Merchants who receive a chargeback for a transaction placed with an American Express card may encounter reason code P23, which indicates a transaction that was not processed correctly by the merchant. The actual underlying cause of this chargeback is usually merchant error, but it may be associated with friendly fraud as well. Merchants who believe they have received an invalid chargeback under reason code P23 may be able to represent the transaction and reverse the chargeback with the right compelling evidence.
What is American Express Chargeback Reason Code P23?
American Express chargeback reason code P23 falls under the “Processing Errors” category. The shorthand description is “Currency Discrepancy.” When you see this reason code, it means that the merchant did not use the correct form of currency when processing the transaction, resulting in an erroneous charge amount or an unfavorable conversion rate for the customer.
Many domestic merchants will never have to worry about encountering chargebacks with this reason code, but it can cause lots of problems for merchants who deal with a high number of international customers.
What Scenarios Might Lead to This Chargeback?
Merchant error is the most common cause of this chargeback reason. They may select the wrong currency type when processing the transaction, resulting in the customer being charged the wrong amount. This is more likely to happen with merchants who rarely deal with foreign currencies and aren't used to processing transactions that involve currency conversion. Sometimes, merchants will use Dynamic Currency Conversion without getting the customer’s permission first. This practice is prohibited by the card networks, but merchants still do it out of neglect or forgetfulness on occasion, and customers don’t always understand the implications of Dynamic Currency Conversion when it isn’t sufficiently explained to them.
Sometimes, a customer may forget what currency they used to pay for a purchase, which may lead to them mistakenly filing a friendly fraud chargeback. A customer might also purposefully commit friendly fraud if they realize that the conversion rate caused them to pay a higher price for a product than they initially assumed.
Services like Dynamic Currency Conversion often charge a higher conversion rate that may cause the total transaction amount to be significantly greater than what the customer was expecting, which can lead to buyer’s remorse and subsequent disputes.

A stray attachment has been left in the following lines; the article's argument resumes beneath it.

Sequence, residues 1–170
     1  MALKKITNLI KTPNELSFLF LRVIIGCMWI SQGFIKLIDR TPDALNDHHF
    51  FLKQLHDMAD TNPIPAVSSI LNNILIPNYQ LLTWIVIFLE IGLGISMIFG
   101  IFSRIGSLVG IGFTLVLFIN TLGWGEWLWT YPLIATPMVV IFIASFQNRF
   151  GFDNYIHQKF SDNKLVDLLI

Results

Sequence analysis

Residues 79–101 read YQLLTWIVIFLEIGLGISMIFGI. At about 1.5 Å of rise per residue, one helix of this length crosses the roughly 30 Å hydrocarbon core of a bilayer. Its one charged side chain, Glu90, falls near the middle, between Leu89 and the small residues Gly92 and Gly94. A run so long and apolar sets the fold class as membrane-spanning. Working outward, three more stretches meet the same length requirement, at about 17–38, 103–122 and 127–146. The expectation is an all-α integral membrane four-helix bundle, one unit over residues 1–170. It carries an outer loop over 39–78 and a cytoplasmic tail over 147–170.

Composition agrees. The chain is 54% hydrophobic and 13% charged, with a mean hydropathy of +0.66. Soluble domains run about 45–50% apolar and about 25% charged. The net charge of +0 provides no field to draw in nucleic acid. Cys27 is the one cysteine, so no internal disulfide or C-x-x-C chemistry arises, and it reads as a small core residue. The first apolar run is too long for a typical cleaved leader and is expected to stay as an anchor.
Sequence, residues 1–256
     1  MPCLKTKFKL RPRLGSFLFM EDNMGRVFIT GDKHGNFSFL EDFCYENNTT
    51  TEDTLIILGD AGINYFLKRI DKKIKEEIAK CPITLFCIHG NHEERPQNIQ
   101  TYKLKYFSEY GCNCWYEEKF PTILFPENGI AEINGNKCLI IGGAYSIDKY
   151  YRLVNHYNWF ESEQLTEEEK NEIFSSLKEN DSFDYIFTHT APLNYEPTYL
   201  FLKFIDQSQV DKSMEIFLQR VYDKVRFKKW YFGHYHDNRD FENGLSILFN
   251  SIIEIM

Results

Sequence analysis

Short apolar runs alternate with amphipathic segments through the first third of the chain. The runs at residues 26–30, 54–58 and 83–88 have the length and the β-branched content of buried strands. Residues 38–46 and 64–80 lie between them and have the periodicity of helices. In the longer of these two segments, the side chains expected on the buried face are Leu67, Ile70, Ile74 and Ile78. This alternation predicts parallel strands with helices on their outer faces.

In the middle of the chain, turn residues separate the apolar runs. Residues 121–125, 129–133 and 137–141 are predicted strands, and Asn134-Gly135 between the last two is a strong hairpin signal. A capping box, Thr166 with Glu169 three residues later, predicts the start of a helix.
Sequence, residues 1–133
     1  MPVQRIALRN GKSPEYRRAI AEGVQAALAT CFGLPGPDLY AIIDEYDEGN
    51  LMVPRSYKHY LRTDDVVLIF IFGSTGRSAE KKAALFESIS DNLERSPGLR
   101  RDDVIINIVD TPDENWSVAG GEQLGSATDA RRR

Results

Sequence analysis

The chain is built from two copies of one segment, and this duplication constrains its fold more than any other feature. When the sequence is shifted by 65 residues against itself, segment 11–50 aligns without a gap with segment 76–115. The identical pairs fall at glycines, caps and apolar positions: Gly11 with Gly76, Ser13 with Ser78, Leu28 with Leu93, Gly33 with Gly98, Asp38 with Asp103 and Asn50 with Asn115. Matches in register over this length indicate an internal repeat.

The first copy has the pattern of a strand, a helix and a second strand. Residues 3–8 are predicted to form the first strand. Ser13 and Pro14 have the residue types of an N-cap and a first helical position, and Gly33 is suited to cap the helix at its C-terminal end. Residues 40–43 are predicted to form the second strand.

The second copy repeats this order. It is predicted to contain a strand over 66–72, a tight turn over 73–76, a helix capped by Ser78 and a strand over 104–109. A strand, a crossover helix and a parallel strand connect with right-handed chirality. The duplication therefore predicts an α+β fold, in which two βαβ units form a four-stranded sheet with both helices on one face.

What are the Important Timeframes?
The acquirer and/or merchant have 20 days to respond to this chargeback after it is filed. No special timeframes apply to the cardholder.
How Can Merchants Fight this Chargeback Code?
Under certain circumstances, you may be able to successfully fight this chargeback. The evidence you submit should include one of the following items:
- If currency conversion did not occur, provide documentation that clearly shows this.
- If you have already processed a refund for the transaction in question, you can fight this chargeback by providing documentation that proves you have credited the cardholder’s account.
How Can Merchants Prevent this Chargeback Code?
You can safely steer clear of these chargebacks by avoiding any currency conversions in your transaction process, but this isn’t a realistic option for all merchants. Whether you’re using Dynamic Currency Conversion or some other method of accepting international currency, you need to have a thorough understanding of the rules, procedures, and costs, and explain them carefully to your customers before completing a transaction with them.
The following suggestions can help you avoid disputes related to international currency conversion and protect your revenue from any chargebacks that might otherwise result:
- Have systems in place to manage multiple currencies, especially if this is something your store frequently has to deal with. Make sure staff are well-trained on procedures related to payments using international currencies.
- Don’t automatically convert currencies for international shoppers. Allow customers to opt-in to conversion services such as Dynamic Currency Conversion if they are interested, but don’t require their use.
About American Express Chargeback Reason Codes
Reason codes are alphanumeric codes that provide the justification for granting a chargeback. Pursuant to the Fair Credit Billing Act of 1974, cardholders have the right to dispute unauthorized or erroneous charges and issuing banks must reverse a disputed transaction of the cardholder’s claim is valid.
When a cardholder contacts their issuing bank to dispute a transaction and receive a chargeback, the dispute is assigned a reason code that most closely matches the substance of the cardholder’s claims. The reason code provides the merchant and other stakeholders in the dispute with a concise explanation for why a chargeback has been granted.
Each card network—Visa, Mastercard, American Express, and Discover—defines and maintains their own unique set of reason codes, which are applied to disputes by the banks that issue credit and debit cards under their brands.
As both a card network and an issuer, American Express specifies 34 reason codes under the categories of Fraud, Authorization, Processing Errors, Card Member Disputes, and Inquiry/Miscellaneous. Each American Express reason code consists of one or more letters, indicating the category, and a number that identifies the specific dispute reason.
Understanding chargeback reason codes is one of the most essential parts of effective chargeback management. Identifying the chargeback reason code and the evidence required to fight it is the first step in chargeback representment, and analyzing your chargeback reason codes can provide you with insights into what types of disputes are causing you the most trouble. With this information, you can determine the root causes of your chargebacks and take action to prevent them from reoccurring.